Week 313: Night Wind, by Boris Pasternak

If this poem by the Russian poet Boris Pasternak (1890-1960) is, as I assume, a veiled reference to his problems with the Soviet authorities, then the veil seems quite thin and one is surprised that it sufficed to throw them off the scent, but Pasternak seems to have been more successful than some in treading the difficult line with the censors, and even managed a rather fraught personal relationship with Stalin himself, who apparently decided that he should be treated as some kind of holy fool and left alone, or at least, spared execution.

Night Wind

The village blacks out. The young
Go home from going gay.
The songs and the drunks are silent.
Tomorrow’s an early day.

Only the night wind fumbles
A path bewildered among
The weeds, that brought it home
With the party-going young.

It hangs its head at the door,
No stomach for a fight,
Wondering how to settle
Its argument with night.

Between the garden fences
And trees that crowd the track
Night picks another quarrel
And wind must answer back.

Boris Pasternak (translated by M. Harari)

Week 312: Which Of Us Two, by Peter Viereck

When I came across this poem by the American poet Peter Viereck (1918-2006) it struck me as such a powerful, intimate statement of grief that I immediately went looking for more by the same poet, but, as sometimes happens, could find plenty of verbal pyrotechnics but nothing that seemed to match this one for feeling. Still, as I’ve said before, one breakthrough poem is more than most of us manage.

Which Of Us Two

When both are strong with tenderness, too wild
With oneness to be severance-reconciled;
When even the touch of fingertips can shock
Both to such seesaw mutuality
Of hot-pressed opposites as smelts a tree
Tighter to its dryad than to its own tight bark;
When neither jokes or mopes or hates alone
Or wakes untangled from the others; when
More-warm-than-soul, more-deep-than-flesh are one
In marriage of the very skeleton, –

When, then, soil peels more flesh off half this love
And locks it from the unstripped half above,
Who’s ever sure which side of soil he’s on?
Have I lain seconds here, or years like this?
I’m sure of nothing else but loneliness
And darkness. Here’s such black as stuffs a tomb,
Or merely midnight in an unshared room.
Holding my breath for fear my breath is gone,
Unmoving and afraid to try to move,
Knowing only you have somehow left my side.
I lie here, wondering which of us has died.

Peter Viereck

Week 311: Anglais Mort à Florence, by Wallace Stevens

Every so often I have another go at reading Wallace Stevens, whose work I continue to find intriguing and frustrating in equal measure. Intriguing because the verse has such hypnotic cadences; frustrating because it seems to exist in some parallel universe where sometimes the words have meanings or associations that don’t seem to have made their way into mine. As a case in point, the last three stanzas here seem to me very fine, with the repetition of ‘But he remembered the time when he stood alone’ tolling like a bell, but what on earth are the police doing suddenly crashing in on the scene out of nowhere? Does this refer to some incident in a novel (possibly, from the poem’s title, a French novel) that I haven’t read? As usual, any enlightenment will be gratefully received.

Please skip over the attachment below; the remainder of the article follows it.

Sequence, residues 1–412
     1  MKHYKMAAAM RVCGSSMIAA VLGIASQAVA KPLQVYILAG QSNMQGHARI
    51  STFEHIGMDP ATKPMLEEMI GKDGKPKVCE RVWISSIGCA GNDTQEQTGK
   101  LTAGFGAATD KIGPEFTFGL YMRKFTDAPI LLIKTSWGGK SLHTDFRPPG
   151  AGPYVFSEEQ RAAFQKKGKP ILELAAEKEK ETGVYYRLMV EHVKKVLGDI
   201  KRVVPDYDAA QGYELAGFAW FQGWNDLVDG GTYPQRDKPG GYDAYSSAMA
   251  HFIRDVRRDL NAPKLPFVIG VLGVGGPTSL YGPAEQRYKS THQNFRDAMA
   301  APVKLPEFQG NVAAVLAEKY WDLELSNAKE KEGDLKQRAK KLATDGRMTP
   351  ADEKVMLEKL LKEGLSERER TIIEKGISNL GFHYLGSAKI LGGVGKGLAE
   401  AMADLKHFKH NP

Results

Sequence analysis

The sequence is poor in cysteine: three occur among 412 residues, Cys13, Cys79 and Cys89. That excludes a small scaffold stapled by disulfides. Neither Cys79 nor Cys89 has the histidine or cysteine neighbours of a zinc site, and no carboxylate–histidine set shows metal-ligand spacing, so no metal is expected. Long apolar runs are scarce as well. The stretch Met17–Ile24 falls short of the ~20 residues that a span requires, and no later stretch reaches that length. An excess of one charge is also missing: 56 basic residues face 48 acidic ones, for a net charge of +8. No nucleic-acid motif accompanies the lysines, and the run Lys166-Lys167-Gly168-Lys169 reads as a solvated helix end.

Anglais Mort à Florence

A little less returned for him each spring.
Music began to fail him. Brahms, although
His dark familiar, often walked apart.

His spirit grew uncertain of delight,
Certain of its uncertainty, in which
That dark companion left him unconsoled

For a self returning mostly memory.
Only last year he said that the naked moon
Was not the moon he used to see, to feel

(In the pale coherences of moon and mood
When he was young), naked and alien,
More leanly shining from a lankier sky.

Its ruddy pallor had grown cadaverous.
He used his reason, exercised his will,
Turning in time to Brahms as alternate

In speech. He was that music and himself.
They were particles of order, a single majesty:
But he remembered the time when he stood alone.

He stood at last by God’s help and the police;
But he remembered the time when he stood alone.
He yielded himself to that single majesty;

But he remembered the time when he stood alone,
When to be and delight to be seemed to be one,
Before the colors deepened and grew small.

Wallace Stevens

Week 310: From ‘King Lear’, by William Shakespeare

It seems that yesterday was National Poetry Day. Some years ago I did try to get involved in this, having been told that our local library was going to be mounting a display. Moved by a certain sense of duty to my poor publisher, I went along and enquired rather diffidently if they’d like to feature some of my own work, you know, local poet and all that. The kindly librarian explained to me that really her wall-space was reserved for more established names: Pam Ayres, Maya Angelou, Roger McGough, Shakespeare…. I was not surprised, of course, but I did feel the need to remind myself of exactly what this Shakespeare fellow had done to merit a place in such distinguished company. Back home I picked up my ‘Lear’ and it opened at this passage, where the old king has just been reconciled with his daughter and the poetry gathers in a pool of serenity before its last plunge over the brink of tragedy. And I thought to myself oh well, fair enough.

From ‘King Lear’, Act V, Scene 3

Lear: ‘No, no, no, no! Come, let’s away to prison:
We two alone will sing like birds i’ the cage:
When thou dost ask me blessing, I’ll kneel down,
And ask of thee forgiveness: so we’ll live,
And pray, and sing, and tell old tales, and laugh
At gilded butterflies, and hear poor rogues
Talk of court news; and we’ll talk with them too,
Who loses and who wins; who’s in, who’s out;
And take upon’s the mystery of things,
As if we were God’s spies: and we’ll wear out,
In a wall’d prison, packs and sects of great ones,
That ebb and flow by the moon’.

William Shakespeare